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|Pilot 1st Lt. Arthur W. Kidder, Jr.
Force Landed February 2, 1945
During early 1945, P-38s of the 54th Fighter Squadron began to fly special high-altitude missions to intercept Japanese balloon bombs drifting eastward in the jet stream towards North America. These last-ditch terror weapons were launched from Japan in hopes of dropping incendiary charges onto the United States and Canada. Attu Airfield was directly in their flight path, which passed overhead at between 30,000' to 37,000'.
After the mission, Lt. Kidder radioed Attu Airfield (Alexai Point Airfield) for clearance to land and headed down through the clouds. The controller gave him a vector heading and said he was only about 15 miles from base, but when Kidder broke out of the clouds at about 1,500 feet above the Pacific there was no land in sight. He tried to radio the control tower again for further directions, but discovered that ice had formed on his primary radio's antenna wire as he had descended through the overcast, causing it to snap off. He climbed back through the clouds to try a backup line-of-sight radio, but received no reply to his calls. He again let back down through the clouds and began to search for the base, flying a rectangular search pattern and extending each side of the box by five minutes each time.
For four hours Lt. Kidder searched in vain for his home island. Running low on fuel, he began to look for any dry land to set the plane down. Ditching in the frigid ocean was out of the question. Even in a life raft he would not last long. Finally he spotted Buldir Island and circled it looking for a suitable landing site. Only a small patch of relatively flat terrain existed on the island and he headed straight for it. Knowing that the P-38 was fairly smooth on the bottom and prone to slide great distances in belly-landings, Kidder decided to lower the gear and then retract them at the last moment, leaving the gear doors down to plow into the ground and slow his slide. This worked perfectly and the P-38 slid only 300' before coming to rest in the tall grass. With only 385 hours on its airframe, this P-38's short career came to an abrupt end.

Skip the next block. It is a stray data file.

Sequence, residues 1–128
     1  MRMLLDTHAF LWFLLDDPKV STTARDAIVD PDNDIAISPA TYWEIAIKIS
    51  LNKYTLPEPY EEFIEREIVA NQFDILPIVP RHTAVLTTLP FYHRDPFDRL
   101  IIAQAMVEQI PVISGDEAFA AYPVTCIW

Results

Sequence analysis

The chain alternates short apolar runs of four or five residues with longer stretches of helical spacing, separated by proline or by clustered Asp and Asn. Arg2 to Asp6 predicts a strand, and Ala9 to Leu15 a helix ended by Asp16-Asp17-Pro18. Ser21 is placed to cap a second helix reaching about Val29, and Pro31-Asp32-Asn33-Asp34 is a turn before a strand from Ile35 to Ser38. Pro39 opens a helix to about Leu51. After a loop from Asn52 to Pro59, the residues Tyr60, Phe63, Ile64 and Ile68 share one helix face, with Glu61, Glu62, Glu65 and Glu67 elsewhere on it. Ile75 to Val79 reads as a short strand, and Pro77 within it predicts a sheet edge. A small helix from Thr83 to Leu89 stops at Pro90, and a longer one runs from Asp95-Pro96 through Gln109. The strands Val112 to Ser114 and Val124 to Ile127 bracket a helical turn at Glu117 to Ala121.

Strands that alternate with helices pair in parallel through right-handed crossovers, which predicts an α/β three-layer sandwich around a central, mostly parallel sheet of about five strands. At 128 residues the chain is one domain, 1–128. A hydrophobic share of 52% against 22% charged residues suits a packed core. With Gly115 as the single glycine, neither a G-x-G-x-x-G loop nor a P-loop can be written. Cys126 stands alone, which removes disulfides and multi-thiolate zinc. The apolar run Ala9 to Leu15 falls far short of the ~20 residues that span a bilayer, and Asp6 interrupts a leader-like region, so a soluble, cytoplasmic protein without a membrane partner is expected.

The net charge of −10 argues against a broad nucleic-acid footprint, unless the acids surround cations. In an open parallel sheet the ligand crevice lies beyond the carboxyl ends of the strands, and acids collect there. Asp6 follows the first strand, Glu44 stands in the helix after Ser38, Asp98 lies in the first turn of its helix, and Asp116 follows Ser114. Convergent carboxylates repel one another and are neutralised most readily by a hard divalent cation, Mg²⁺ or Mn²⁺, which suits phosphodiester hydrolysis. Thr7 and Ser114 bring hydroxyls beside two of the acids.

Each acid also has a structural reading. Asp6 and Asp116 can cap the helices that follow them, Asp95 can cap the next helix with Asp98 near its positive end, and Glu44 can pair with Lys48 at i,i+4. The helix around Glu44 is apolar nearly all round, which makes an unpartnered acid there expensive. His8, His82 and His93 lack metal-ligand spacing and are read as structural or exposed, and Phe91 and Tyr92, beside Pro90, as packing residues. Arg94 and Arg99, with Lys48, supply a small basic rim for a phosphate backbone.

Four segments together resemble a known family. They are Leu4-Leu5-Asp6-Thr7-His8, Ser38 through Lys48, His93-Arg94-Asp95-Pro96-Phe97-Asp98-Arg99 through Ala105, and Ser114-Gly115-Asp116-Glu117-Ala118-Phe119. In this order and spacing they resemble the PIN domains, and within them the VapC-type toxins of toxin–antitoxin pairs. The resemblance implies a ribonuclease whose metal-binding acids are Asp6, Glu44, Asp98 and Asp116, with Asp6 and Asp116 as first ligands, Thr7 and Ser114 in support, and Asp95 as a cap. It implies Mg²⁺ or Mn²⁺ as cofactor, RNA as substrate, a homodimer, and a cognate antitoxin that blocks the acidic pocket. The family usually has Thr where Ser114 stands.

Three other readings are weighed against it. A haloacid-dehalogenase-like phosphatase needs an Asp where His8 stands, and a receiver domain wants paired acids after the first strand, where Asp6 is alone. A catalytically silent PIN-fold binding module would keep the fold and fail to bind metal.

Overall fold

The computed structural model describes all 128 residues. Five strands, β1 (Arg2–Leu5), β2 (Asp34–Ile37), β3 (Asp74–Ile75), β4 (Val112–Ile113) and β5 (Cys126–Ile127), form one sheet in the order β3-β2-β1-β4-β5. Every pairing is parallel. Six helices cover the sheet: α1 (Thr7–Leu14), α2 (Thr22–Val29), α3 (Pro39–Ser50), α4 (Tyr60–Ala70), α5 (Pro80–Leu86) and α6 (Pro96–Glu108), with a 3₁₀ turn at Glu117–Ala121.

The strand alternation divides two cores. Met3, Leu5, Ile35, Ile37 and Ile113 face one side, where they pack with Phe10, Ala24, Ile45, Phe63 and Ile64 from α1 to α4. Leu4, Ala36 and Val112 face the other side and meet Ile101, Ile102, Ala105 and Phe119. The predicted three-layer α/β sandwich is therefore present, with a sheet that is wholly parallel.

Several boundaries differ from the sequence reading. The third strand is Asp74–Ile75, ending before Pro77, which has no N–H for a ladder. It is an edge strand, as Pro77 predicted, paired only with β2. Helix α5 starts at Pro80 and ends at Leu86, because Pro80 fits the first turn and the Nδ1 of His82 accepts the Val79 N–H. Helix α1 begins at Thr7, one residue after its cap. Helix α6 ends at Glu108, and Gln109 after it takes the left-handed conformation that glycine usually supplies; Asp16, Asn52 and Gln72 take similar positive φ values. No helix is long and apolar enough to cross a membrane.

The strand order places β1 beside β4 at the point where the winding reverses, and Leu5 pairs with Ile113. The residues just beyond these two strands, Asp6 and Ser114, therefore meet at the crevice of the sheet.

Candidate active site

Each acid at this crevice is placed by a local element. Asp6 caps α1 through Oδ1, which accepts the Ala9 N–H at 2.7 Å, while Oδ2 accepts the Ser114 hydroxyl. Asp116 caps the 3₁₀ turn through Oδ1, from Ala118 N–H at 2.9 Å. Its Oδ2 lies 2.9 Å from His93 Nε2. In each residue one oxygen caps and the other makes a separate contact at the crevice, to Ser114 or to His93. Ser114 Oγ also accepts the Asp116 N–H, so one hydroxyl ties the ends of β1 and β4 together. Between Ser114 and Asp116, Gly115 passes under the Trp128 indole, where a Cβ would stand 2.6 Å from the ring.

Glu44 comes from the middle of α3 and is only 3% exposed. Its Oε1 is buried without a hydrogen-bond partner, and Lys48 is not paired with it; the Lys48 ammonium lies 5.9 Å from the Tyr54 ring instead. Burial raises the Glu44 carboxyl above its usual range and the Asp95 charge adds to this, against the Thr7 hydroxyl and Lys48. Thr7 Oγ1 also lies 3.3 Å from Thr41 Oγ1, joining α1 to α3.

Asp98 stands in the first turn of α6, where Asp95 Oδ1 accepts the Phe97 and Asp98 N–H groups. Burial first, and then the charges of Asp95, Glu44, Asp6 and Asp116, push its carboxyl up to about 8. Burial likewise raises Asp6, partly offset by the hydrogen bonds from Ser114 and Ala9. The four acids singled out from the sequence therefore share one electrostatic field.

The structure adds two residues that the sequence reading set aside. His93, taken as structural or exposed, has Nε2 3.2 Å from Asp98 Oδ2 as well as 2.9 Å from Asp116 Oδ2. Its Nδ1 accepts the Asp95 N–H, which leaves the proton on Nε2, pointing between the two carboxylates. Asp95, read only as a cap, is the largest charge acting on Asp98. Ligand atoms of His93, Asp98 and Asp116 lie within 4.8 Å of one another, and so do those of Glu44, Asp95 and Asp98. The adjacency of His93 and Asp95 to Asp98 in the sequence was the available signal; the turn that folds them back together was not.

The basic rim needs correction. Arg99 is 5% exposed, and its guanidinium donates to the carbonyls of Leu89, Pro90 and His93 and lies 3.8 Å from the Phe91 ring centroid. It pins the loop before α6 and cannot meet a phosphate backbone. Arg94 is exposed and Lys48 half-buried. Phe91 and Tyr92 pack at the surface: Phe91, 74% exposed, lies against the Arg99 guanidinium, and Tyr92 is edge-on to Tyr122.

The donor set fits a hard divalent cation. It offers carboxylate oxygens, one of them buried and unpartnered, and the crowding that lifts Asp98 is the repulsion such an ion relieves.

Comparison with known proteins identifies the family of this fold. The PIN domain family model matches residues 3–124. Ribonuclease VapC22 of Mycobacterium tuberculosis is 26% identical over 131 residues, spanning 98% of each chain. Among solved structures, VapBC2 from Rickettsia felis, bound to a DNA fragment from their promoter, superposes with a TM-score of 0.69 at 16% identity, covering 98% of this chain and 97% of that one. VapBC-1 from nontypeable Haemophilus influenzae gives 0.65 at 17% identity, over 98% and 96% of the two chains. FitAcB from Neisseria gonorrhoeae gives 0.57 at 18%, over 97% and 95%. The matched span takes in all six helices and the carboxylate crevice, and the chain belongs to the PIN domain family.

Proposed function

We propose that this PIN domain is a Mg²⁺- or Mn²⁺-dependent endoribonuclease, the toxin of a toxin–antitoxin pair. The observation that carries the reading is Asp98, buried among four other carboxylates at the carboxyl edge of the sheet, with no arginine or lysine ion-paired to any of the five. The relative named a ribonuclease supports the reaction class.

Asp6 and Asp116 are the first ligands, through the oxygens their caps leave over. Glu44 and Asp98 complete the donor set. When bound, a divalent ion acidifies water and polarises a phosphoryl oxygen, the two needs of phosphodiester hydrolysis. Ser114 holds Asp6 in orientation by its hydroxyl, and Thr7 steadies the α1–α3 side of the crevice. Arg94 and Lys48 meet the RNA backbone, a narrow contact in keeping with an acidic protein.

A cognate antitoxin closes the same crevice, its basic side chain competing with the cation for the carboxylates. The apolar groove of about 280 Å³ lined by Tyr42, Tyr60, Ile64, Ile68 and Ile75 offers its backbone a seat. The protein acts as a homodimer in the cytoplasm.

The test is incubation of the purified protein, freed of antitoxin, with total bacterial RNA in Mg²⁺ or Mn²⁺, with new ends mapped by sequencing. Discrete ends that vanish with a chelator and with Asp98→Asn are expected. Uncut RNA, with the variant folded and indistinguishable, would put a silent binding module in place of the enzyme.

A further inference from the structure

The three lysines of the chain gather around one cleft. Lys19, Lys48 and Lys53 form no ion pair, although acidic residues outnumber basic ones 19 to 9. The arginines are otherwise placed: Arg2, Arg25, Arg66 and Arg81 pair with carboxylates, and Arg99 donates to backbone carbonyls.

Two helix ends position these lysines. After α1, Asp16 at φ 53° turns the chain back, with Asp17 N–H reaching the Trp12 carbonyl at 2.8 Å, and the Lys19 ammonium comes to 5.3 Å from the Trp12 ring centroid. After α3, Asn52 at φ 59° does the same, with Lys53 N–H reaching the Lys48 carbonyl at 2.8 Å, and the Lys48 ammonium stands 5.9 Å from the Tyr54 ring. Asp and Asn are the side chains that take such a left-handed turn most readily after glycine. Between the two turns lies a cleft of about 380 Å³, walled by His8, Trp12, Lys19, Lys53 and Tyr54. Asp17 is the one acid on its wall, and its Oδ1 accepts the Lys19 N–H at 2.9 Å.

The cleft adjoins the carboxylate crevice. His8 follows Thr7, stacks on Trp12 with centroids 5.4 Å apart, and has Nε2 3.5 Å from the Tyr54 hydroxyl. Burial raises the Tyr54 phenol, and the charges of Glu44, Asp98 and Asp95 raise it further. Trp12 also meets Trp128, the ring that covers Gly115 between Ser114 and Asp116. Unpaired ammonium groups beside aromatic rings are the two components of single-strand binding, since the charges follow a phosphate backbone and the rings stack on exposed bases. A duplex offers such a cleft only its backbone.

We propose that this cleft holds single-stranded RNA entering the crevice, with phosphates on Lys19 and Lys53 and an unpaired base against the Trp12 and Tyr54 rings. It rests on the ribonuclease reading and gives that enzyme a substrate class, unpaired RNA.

Five U.S. Army soldiers stationed at a tiny weather outpost on the otherwise uninhabited island heard the crash-landing and ran to help the pilot. They informed Kidder that he had landed on Buldir Island, 100 miles east of his base on Attu. They immediately began sending messages on their low-powered weather reporting radio, but since no one was expecting a report from them at that time there was no response. Late that night a ham radio operator in St. Louis, Missouri, picked up their distress calls and contacted the War Department. A Navy patrol vessel picked up Lt. Kidder two days later and returned him to Attu.
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